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original 60s Amana RR
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Post# 662824   2/27/2013 at 15:02 (547 days old) by firedome (Binghamton NY & Lake Champlain VT)        

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are the original Amana RadarRange microwaves circa 1968-ish worth messing with? An aunt has one in family since new, it has the old circular twin dials instead of buttons, and in very nice shape. Should we grab it to replace a cheesy early 90s wood-grain Toshiba? Are parts even available?




Post# 662825 , Reply# 1   2/27/2013 at 15:08 (547 days old) by Maytagbear (N.E. Ohio)        
I don't know about parts, I do know performance, however

I think it's well worth grabbing. Someone I have known for a long time, but who is not always in my kitchen was amazed that I had my 1986 Radarange.


Lawrence/Maytagbear


Post# 662835 , Reply# 2   2/27/2013 at 15:31 (547 days old) by norgeway (mocksville n c )        
100000000 times!

Better than anything new!!!

Post# 662860 , Reply# 3   2/27/2013 at 16:24 (547 days old) by PhilR (Montreal Canada)        

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Roger, I have a microwave oven like that. Just don't expect it to do everything well!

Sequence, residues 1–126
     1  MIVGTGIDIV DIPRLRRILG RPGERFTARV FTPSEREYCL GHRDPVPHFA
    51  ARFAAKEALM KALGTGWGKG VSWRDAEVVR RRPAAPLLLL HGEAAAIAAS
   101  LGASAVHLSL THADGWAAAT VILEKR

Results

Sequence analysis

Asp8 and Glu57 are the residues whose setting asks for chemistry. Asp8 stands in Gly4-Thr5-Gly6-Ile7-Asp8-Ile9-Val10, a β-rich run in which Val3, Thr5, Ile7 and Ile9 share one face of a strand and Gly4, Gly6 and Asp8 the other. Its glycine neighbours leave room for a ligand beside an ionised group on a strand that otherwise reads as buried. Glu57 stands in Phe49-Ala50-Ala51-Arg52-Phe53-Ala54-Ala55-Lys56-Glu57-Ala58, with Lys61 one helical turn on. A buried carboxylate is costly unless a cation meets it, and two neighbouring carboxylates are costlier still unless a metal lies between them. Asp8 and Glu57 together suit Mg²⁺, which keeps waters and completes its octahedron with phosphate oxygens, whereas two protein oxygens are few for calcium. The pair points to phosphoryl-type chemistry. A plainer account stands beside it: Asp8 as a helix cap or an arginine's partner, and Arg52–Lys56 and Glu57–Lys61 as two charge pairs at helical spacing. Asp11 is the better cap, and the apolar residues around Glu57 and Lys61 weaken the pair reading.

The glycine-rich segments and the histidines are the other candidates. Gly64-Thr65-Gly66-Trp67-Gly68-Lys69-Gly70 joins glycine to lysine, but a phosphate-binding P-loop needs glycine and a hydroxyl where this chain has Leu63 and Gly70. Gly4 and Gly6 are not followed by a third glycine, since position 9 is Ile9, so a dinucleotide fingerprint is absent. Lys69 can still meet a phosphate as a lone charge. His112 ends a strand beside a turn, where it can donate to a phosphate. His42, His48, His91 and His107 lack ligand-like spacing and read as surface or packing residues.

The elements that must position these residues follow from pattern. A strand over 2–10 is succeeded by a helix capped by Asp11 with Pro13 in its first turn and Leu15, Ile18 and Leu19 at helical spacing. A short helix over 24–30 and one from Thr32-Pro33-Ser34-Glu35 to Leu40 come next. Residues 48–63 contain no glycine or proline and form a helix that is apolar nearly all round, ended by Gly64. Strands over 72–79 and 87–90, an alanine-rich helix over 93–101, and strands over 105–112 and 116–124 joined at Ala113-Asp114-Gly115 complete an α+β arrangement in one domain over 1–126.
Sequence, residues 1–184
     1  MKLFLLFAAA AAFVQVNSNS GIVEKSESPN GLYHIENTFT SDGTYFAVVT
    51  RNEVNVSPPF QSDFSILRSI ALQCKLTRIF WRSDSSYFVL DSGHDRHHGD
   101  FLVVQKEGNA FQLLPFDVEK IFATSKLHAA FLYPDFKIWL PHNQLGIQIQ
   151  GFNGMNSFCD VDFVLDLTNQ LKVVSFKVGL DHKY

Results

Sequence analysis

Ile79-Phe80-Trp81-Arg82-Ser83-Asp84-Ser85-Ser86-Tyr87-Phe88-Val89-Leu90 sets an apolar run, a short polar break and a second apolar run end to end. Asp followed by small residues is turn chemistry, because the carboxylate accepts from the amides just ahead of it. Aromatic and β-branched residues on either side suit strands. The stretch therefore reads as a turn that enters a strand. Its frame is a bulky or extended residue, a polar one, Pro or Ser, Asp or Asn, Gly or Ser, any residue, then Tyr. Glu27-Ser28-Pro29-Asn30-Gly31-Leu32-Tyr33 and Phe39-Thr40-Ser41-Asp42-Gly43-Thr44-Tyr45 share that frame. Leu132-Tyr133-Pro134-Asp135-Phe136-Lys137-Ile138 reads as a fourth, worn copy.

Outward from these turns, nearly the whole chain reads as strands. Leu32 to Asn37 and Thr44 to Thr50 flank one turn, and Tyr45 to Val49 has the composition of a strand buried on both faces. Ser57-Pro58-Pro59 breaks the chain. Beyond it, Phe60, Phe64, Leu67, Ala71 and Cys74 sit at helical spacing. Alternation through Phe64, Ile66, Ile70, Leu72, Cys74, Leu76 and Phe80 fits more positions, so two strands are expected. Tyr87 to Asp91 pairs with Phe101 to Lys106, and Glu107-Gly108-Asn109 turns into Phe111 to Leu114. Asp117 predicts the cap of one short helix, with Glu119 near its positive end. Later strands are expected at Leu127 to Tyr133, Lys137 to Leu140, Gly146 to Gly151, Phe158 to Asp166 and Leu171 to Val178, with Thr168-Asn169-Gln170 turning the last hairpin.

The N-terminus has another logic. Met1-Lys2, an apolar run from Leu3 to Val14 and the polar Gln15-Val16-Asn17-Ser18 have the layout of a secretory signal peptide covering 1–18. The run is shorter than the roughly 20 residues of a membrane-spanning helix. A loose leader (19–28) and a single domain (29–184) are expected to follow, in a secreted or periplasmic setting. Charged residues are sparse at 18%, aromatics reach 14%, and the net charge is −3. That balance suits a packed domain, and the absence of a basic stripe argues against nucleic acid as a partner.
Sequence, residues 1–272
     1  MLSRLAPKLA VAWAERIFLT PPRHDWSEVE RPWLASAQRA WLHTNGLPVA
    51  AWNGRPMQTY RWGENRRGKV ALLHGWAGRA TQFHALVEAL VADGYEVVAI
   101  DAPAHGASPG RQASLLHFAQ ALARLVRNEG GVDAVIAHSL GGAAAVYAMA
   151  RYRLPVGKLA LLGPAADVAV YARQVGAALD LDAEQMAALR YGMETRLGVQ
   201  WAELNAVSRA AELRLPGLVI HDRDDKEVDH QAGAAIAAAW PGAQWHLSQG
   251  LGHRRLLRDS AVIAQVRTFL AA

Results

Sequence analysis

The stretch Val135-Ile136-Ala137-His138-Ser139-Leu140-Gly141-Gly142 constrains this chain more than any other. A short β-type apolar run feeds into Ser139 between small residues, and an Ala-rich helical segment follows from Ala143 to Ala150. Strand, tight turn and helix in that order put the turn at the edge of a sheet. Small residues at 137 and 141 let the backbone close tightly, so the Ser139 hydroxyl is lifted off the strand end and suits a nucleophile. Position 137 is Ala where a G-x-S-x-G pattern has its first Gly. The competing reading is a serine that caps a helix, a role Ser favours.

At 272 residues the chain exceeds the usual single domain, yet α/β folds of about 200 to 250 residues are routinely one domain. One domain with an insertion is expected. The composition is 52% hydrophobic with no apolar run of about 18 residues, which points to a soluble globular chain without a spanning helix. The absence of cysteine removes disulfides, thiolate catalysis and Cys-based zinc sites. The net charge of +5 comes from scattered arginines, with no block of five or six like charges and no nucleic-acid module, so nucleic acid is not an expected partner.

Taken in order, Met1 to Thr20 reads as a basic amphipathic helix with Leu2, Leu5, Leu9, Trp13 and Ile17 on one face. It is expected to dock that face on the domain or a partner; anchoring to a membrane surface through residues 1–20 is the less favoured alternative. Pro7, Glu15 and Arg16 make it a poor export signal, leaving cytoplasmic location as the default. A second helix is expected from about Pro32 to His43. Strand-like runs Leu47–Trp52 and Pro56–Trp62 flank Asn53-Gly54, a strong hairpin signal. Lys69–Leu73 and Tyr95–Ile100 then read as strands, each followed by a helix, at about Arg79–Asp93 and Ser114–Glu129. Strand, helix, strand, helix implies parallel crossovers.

Early ones don't have the defrost feature and their grilles are hard to keep clean (there's no glass in the door).

And if you don't want to keep it, grab it! I'd buy it to you!

IMG-20121120-01705LIMG-20121217-01868

Phil


Post# 663068 , Reply# 4   2/28/2013 at 14:53 (546 days old) by firedome (Binghamton NY & Lake Champlain VT)        
thanks for that info Lawrence Hans & Phil!

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i think I will try to snag it, a bit more research shows it's a 1974 RR-4D, the first Amana model with Defrost. Internet research shows yours might be a RR-2 Phil, even older, and has the Blue "Light" bar while RR-4's was White. This one is very nice shape and has all the books with it. Will post pics if/when I get it.

Love those d/w's Phil, 'specially the Pank one!!! sweeeet!


Post# 663072 , Reply# 5   2/28/2013 at 15:04 (546 days old) by danemodsandy (The Bramford, Apt. 7-E)        
Roger:

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The RR-4D is a very desirable vintage Radarange; you won't regret buying it if it's in good shape.